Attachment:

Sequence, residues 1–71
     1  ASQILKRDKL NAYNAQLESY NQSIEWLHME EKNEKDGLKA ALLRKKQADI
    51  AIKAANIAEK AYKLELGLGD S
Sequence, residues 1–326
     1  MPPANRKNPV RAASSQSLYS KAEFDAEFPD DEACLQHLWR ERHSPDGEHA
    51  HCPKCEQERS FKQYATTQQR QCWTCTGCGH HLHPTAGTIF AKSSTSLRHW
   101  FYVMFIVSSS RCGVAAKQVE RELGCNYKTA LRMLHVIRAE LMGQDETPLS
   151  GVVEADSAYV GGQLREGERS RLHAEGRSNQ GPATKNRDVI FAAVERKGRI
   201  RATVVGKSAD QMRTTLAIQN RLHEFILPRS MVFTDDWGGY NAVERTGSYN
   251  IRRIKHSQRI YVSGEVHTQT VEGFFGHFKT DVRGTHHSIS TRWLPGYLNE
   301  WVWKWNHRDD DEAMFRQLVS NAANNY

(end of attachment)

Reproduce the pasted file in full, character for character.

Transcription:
Sequence, residues 1–71
     1  ASQILKRDKL NAYNAQLESY NQSIEWLHME EKNEKDGLKA ALLRKKQADI
    51  AIKAANIAEK AYKLELGLGD S
Sequence, residues 1–326
     1  MPPANRKNPV RAASSQSLYS KAEFDAEFPD DEACLQHLWR ERHSPDGEHA
    51  HCPKCEQERS FKQYATTQQR QCWTCTGCGH HLHPTAGTIF AKSSTSLRHW
   101  FYVMFIVSSS RCGVAAKQVE RELGCNYKTA LRMLHVIRAE LMGQDETPLS
   151  GVVEADSAYV GGQLREGERS RLHAEGRSNQ GPATKNRDVI FAAVERKGRI
   201  RATVVGKSAD QMRTTLAIQN RLHEFILPRS MVFTDDWGGY NAVERTGSYN
   251  IRRIKHSQRI YVSGEVHTQT VEGFFGHFKT DVRGTHHSIS TRWLPGYLNE
   301  WVWKWNHRDD DEAMFRQLVS NAANNY